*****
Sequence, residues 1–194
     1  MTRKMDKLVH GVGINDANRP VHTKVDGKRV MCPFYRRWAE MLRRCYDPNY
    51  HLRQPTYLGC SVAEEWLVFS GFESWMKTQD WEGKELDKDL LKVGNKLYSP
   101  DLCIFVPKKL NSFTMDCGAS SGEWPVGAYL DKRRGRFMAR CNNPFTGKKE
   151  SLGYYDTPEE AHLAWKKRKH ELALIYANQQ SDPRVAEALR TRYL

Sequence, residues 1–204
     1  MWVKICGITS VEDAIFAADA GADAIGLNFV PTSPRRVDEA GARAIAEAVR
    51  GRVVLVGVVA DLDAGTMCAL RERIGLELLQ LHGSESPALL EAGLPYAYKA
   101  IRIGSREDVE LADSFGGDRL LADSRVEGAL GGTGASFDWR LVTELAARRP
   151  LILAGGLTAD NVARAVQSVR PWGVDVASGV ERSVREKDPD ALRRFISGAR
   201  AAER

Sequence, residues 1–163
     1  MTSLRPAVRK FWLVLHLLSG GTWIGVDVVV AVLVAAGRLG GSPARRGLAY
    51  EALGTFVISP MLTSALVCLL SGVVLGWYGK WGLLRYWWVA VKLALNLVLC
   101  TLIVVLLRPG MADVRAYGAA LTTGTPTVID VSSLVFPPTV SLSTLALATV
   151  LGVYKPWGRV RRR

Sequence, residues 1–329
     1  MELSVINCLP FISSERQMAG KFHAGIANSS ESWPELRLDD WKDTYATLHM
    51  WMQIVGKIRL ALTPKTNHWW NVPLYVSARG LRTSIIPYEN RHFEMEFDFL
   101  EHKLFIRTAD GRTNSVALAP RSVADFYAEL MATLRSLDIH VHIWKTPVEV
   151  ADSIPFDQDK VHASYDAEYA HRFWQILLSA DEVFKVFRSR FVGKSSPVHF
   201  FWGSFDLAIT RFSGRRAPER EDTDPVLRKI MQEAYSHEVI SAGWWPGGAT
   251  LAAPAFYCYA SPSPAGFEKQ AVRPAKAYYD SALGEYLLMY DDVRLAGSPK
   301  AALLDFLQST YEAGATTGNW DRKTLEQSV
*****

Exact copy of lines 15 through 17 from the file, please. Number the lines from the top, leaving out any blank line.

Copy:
   101  TLIVVLLRPG MADVRAYGAA LTTGTPTVID VSSLVFPPTV SLSTLALATV
   151  LGVYKPWGRV RRR

Sequence, residues 1–329